A Big Step in Eliminating Domestic Violence

A Big Step in Eliminating Domestic Violence

Dear Friends, When February arrives, your thoughts may turn to love. After all, the month’s major holiday is Valentine’s Day. At Sheltering Wings, our thoughts turn to teenagers. That’s because February is also Teen Dating Violence Awareness Month. If teens can begin their dating years knowing the difference between healthy and abusive relationships, they’re less likely to encounter problems in their adult years. Our staff frequently goes into schools and church youth groups to talk with teens about healthy dating relationships, and one of the most important conversations we have is about boundaries. It’s a great subject for parents to discuss, too. We emphasize the importance of communication in establishing healthy boundaries, urging teens to speak up when something bothers them instead of holding it in, to respect their partner’s wishes and feelings, and if disagreements arise, how to compromise in fair, constructive ways. We urge them to offer reassurance and encouragement, because healthy relationships are about building each other up. And we stress the importance of respecting each other’s privacy and personal space. Dating shouldn’t be a 24-hour activity. Boundaries aren’t signs of secrecy or distrust. In fact, they’re the very opposite. They express what makes us comfortable, provide guidelines for the relationship, and protect our individuality. Dating is new territory for teens, and it creates a lot of uncertainty. By taking the time to talk with the teens in your life about healthy relationships, you’re increasing the chances that they’ll have positive experiences and be able to protect themselves when something isn’t right. It may seem small, but it’s a big step in eliminating domestic violence from... read more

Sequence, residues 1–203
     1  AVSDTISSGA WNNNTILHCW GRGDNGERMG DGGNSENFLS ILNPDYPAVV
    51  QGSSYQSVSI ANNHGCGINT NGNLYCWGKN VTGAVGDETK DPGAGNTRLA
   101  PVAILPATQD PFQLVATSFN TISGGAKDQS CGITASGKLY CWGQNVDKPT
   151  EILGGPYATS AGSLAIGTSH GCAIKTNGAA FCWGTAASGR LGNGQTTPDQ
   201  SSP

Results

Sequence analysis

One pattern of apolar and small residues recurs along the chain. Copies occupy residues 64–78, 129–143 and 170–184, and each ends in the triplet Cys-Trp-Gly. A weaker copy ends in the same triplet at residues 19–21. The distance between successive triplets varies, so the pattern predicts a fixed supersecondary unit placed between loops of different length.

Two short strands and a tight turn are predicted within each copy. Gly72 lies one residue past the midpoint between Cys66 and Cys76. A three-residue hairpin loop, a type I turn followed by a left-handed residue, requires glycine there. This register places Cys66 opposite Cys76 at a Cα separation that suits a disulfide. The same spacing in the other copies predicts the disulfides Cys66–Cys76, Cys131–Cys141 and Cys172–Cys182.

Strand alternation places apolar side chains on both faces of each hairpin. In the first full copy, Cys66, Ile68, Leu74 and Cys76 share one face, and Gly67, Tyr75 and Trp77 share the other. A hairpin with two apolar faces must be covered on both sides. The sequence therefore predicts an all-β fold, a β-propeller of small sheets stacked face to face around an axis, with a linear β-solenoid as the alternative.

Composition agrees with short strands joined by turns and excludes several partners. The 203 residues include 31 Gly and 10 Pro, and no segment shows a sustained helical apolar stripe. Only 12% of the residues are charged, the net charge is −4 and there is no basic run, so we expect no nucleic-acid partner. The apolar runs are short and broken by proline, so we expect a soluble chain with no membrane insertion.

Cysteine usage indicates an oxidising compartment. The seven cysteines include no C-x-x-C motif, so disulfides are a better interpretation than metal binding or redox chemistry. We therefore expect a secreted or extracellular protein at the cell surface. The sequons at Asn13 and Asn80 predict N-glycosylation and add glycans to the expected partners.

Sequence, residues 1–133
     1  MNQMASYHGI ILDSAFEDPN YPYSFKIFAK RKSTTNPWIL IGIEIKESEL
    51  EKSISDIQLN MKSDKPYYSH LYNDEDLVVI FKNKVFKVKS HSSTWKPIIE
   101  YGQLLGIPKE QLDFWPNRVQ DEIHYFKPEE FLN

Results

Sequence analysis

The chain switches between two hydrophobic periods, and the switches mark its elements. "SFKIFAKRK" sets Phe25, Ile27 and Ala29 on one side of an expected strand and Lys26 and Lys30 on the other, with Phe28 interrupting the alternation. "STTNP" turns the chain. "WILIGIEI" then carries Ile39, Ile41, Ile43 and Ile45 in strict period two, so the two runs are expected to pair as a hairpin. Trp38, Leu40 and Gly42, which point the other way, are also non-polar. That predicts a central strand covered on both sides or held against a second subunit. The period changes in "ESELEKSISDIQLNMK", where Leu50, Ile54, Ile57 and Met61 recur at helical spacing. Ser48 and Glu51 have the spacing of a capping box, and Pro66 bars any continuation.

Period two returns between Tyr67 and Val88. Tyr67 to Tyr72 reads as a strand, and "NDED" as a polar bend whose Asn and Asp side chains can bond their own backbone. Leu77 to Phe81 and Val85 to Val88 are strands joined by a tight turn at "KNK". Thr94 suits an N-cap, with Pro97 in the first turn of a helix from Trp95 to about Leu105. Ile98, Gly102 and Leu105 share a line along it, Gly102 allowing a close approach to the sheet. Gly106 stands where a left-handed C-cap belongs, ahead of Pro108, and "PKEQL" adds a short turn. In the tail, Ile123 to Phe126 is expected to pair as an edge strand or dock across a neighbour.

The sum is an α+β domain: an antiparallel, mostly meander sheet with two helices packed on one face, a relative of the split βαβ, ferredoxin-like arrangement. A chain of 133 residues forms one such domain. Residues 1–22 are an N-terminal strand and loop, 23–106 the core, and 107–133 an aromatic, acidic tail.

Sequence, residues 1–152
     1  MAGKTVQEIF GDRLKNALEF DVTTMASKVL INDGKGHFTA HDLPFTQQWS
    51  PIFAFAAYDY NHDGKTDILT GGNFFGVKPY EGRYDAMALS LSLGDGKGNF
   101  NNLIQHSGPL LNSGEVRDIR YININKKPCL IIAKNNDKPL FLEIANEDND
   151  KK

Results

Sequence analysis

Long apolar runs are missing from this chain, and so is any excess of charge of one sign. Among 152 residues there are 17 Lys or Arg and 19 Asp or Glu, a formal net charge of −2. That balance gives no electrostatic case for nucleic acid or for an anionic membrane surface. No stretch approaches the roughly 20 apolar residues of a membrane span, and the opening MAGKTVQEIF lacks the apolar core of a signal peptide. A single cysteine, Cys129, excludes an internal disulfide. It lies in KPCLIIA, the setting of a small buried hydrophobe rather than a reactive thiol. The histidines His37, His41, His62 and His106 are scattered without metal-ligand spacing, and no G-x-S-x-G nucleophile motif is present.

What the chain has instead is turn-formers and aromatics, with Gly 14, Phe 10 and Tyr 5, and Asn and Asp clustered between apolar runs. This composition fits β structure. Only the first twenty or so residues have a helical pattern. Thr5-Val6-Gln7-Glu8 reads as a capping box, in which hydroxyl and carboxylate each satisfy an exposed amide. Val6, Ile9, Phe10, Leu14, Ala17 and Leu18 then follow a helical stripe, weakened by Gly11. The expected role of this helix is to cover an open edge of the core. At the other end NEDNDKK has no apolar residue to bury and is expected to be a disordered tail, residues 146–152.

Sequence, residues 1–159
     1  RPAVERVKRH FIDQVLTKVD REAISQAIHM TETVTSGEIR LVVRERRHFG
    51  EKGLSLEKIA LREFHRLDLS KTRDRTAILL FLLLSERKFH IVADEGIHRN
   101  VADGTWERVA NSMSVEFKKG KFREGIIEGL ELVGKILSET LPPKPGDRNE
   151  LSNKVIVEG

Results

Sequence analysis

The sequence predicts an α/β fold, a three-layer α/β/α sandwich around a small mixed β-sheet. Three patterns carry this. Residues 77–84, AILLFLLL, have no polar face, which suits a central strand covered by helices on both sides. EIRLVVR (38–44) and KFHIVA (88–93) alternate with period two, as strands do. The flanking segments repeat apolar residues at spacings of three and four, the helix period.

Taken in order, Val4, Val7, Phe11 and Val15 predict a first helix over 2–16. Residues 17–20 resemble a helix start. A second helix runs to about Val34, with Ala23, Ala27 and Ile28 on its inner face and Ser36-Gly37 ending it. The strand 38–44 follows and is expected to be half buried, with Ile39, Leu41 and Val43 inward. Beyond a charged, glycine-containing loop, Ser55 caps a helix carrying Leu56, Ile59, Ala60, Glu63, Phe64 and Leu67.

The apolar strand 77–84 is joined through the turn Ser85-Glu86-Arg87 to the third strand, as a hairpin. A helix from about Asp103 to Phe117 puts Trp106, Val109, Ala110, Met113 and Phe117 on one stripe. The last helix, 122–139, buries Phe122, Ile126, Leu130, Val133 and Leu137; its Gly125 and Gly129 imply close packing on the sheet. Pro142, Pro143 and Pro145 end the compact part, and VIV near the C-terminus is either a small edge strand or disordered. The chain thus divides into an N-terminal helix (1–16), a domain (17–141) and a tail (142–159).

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Being Part of a Strong, Nurturing Family

Religion that is pure and good before God the Father is to help children…  I was talking with a toddler at a recent church bonfire. Every question I asked resulted in the same emphatic response: “I am Rachel and this is my mom.” When I asked about her friends, she replied, “I am Rachel and this is my mom.” When I complimented her boots, I heard, “I am Rachel and this is my mom.” I laughed all evening and smiled on the drive home, touched by her pride in her mother and family. Few things are as important as being part of a strong, nurturing family. That’s a blessing, but it certainly isn’t a given. The children who walk through our doors have grown up in homes where the dynamics are terrifying and where they witness power struggles that leave them fearful and confused. There are many days when my drive home from the shelter is filled with prayers to help youngster’s families become more loving, safe and life-giving. Fortunately, we can (and do) break the cycle of abuse. We teach parents what proper discipline and support look like. We help children create safety plans at home. We show teens healthy dating relationships so they can establish patterns for healthy adult relationships. With your support, we create new habits built on trust, respect and love. This newsletter focuses on serving those children. As you read the stories, I hope that you find inspiration and see the great opportunity to invest in creating healthier, happier futures for them. It’s never too late. Sheltering Wings Winter...

Becoming Enlightened

You will be enriched in every way so that you can be generous on every occasion, and through Your word is a lamp to guide my feet and a light for my path. – PSALM 119:105 Did you ever wonder why we refer to gaining knowledge as becoming enlightened? Enlightenment is a beautiful word and a wonderful concept that’s expressed so well in Psalm 119. We say that we’re “in the dark” when we don’t know something, and darkness makes most children and many adults uneasy. But when we turn the lights on, ignorance and fear disappear along with the darkness. Like so many evils, domestic violence depends upon darkness to survive. When people don’t know about it, or when it stays hidden behind closed doors, or when our fear of the dark makes us turn away, domestic violence thrives. When we throw light on abuse by learning more about it and calling attention to it, it has less power over victims and others. Just as God leads us out of darkness with His lamp and light, enlightening people about abuse will help us overcome it. That’s why outreach and education are key elements of the work we do at Sheltering Wings. As people become more aware of the problem and we bring abuse out of the darkness and discuss it publicly, it becomes easier for victims to step forward and find the support they need. Instead of being isolated in the darkness, they can step into the light. If we are going to eliminate domestic violence, we must continue to talk about it, learn about it, and share our knowledge with others. Enlightenment is amazingly powerful. What will you do to be a...